Unless things have changed since last year, you can't use electronic enrollment for crossing over Webelos to Scouts, which for our troop is the bulk of our new members. How are you not using paper applications.
  19. T2Eagle

    When was 4th Aim added?

    It's not, even by their own admission: From Troopleader.org "The Scouting program has specific objectives, commonly referred to as the “Aims of Scouting.” They are character development, leadership development, citizenship training, and personal fitness. Leadership development is also one of Scoutings eight methods contributing to both good character and good citizenship."
  20. T2Eagle

    Council Annual Report - Interesting Numbers

    Any report is only ever a snapshot and therefore does not necessarily tell you anything without more context. Those membership numbers look terrible, but what they really mean might be more obvious if you look at a couple past years. Is this a trend? Is it a steep decline after a steep increase? You need more information to truly understand them.
  21. T2Eagle

    Council Annual Report - Interesting Numbers

    I think all councils have them, they're provided to CORs and Board members at a minimum. You can probably get a copy if you ask, but it's generally not something you'll find on a website.
  22. T2Eagle

    Skit in Underwear - JCPenny

    I think it's under appropriate attire. It's never OK to be out in public in just your underwear. But I think the skit can still be done . Wear very obvious underwear over top of gym shorts or a bathing suit. Invest 5 bucks in XXXL size tighty whiteys, roll the shorts up to be completely covered by the underwear, and what you have is a costume over appropriate clothing.
  23. T2Eagle

    Privacy of Health Forms

    here are common examples of adult participants "fit" to participate in a weekend campout, but whose medical information it's necessary for the troop and the adult in charge of the trip to know about: food allergies and allergies to insects and the carrying of an epi-pen, asthma and inhalers, etc. This is certainly private medical information, but if the other adults on the trip don't know about it they can't be prepared to render aid if it's needed. If someone goes into anaphylactic shock there is no time to find and open a sealed envelope with medical information.
  24. T2Eagle

    "Demonstrate" versus "Show"

    Here's the Mayo Clinic directions for helping someone else with an object in the eye. How many folks have actually had a scout flush another person's eye? Make another person drink to demonstrate how to treat dehydration? The latter, maybe, the former is a bad idea. Wash your hands with soap and water. Seat the person in a well-lighted area. Gently examine the eye to find the object. Pull the lower lid down and ask the person to look up. Then hold the upper lid while the person looks down. If the object is floating in the tear film on the surface of the eye, try using a medicine dropper filled with clean, warm water to flush it out. Or tilt the head back and irrigate the surface of the eye with clean water from a drinking glass or a gentle stream of tap water. The difference in these two requirements isn't the verb it's the nature of the different illness or injury and understanding their severity and urgency. Specifically describe what you think "show" treatment for shock would be compared to "demonstrate" treatment for shock.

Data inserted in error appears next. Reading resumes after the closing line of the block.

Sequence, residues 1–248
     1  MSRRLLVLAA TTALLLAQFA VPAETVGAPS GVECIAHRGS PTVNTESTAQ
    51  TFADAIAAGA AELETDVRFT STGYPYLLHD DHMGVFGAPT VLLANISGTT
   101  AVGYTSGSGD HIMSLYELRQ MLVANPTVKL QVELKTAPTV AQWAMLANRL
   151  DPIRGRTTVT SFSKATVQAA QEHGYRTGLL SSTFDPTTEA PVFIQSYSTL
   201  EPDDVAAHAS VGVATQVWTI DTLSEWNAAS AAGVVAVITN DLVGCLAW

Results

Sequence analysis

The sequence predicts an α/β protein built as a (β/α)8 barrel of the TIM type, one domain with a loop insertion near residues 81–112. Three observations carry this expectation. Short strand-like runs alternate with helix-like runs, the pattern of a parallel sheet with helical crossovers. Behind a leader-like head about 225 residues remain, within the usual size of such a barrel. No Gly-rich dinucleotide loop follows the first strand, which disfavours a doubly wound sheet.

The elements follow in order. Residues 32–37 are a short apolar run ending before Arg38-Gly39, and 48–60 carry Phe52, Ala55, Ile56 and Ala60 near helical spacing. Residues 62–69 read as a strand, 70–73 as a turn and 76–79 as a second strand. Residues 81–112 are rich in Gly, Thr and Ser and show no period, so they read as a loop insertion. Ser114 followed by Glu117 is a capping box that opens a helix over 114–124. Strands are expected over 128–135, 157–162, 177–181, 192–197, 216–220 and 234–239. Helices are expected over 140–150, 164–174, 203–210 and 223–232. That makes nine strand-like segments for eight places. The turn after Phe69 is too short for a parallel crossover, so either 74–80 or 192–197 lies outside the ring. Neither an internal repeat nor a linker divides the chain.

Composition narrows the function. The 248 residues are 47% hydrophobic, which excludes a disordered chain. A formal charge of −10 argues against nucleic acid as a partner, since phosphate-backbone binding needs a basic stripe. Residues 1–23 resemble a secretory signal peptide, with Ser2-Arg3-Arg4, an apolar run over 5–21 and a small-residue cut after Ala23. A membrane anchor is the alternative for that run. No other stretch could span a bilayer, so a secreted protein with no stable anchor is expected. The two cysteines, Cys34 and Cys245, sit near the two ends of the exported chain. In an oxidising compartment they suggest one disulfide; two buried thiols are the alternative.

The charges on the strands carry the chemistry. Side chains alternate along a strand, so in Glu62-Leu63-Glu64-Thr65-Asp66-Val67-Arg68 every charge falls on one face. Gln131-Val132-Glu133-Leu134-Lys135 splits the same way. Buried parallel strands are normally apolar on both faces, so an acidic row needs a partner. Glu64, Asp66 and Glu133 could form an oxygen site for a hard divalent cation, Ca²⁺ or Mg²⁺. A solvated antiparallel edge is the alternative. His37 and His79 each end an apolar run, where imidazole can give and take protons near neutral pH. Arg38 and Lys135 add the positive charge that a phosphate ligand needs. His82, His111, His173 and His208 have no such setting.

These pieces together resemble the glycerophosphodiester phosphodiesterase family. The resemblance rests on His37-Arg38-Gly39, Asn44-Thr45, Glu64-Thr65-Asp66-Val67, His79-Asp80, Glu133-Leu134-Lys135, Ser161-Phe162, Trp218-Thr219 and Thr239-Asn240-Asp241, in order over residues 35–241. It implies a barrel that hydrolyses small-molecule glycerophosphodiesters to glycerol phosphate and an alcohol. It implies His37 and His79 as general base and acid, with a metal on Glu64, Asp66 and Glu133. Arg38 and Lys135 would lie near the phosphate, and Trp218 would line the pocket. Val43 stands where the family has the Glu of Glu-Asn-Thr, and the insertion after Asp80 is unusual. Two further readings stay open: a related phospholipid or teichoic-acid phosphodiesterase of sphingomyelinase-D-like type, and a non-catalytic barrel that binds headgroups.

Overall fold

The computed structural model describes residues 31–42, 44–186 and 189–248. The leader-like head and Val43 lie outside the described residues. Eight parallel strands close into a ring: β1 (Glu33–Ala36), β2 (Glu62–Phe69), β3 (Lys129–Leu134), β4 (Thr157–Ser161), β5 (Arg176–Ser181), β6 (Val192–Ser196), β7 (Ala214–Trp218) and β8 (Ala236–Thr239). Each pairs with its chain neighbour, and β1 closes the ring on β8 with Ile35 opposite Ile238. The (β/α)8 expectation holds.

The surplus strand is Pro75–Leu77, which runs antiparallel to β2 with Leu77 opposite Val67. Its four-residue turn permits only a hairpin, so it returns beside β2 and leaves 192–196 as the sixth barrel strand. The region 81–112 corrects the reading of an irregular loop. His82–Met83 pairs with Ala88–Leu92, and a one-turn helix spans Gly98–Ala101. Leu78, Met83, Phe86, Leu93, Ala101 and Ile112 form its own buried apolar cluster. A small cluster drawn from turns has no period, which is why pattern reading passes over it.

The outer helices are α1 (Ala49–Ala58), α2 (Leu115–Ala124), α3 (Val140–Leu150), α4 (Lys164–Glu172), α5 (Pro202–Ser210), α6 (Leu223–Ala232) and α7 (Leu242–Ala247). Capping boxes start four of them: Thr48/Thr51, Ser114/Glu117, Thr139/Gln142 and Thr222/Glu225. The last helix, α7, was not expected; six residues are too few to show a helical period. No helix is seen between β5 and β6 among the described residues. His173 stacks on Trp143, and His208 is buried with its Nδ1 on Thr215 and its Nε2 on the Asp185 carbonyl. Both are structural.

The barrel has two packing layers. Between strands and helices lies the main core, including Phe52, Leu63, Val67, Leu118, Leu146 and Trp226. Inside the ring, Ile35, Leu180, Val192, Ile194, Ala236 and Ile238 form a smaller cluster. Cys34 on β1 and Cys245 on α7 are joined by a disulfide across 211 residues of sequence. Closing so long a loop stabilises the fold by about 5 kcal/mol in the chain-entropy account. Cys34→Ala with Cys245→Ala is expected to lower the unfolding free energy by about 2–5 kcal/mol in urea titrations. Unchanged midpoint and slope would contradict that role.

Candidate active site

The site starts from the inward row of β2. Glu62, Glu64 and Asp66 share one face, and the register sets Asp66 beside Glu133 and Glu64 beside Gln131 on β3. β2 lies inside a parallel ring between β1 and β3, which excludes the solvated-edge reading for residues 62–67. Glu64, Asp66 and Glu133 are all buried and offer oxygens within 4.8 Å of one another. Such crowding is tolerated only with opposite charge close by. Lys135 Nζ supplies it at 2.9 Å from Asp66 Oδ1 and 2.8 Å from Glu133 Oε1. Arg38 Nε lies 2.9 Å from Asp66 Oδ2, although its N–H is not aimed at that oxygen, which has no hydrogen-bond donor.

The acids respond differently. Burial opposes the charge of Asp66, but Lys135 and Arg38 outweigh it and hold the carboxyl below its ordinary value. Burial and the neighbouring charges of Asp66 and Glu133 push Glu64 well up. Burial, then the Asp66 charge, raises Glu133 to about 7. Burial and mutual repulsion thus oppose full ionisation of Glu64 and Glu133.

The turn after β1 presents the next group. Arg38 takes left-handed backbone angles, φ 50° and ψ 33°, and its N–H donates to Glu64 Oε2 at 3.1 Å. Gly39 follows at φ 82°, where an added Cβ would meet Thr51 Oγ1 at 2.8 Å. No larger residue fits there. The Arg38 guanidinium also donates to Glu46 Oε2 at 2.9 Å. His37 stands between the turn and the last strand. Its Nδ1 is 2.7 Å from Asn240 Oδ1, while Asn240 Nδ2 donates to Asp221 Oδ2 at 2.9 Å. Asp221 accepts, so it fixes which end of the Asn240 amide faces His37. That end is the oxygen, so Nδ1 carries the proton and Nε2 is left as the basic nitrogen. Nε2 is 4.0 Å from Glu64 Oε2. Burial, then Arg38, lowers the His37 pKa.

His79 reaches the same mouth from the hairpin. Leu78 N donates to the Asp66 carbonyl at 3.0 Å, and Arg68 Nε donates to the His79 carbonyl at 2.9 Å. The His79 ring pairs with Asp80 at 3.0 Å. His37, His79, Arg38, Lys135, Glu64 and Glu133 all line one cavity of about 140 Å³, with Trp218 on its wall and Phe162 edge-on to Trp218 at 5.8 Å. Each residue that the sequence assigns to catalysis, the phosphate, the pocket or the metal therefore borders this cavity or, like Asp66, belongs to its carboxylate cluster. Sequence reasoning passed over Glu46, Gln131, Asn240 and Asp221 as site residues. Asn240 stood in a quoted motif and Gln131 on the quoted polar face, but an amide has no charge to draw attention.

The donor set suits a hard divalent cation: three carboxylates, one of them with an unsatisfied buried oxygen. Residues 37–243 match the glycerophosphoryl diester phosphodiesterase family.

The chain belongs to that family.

25. T2Eagle

    "Demonstrate" versus "Show"

    6a. Demonstrate first aid for the following: Object in the eye Bite of a warm-blooded animal Puncture wounds from a splinter, nail, and fishhook Serious burns (partial thickness, or second-degree) Heat exhaustion Shock Heatstroke, dehydration, hypothermia, and hyperventilation 6b. Show what to do for “hurry” cases of stopped breathing, stroke, severe bleeding, and ingested poisoning. These are the First Aid requirements for Second Class, for the life of me I cannot think of any reason you couldn't substitute Demonstrate for Show, and vice versa, and end up with any different actions for completing it. The difference in verbiage is probably not purposeful and is most likely a reflection of different committees making slight variations in requirements, iteration after iteration. What does your scouter friend think is the difference?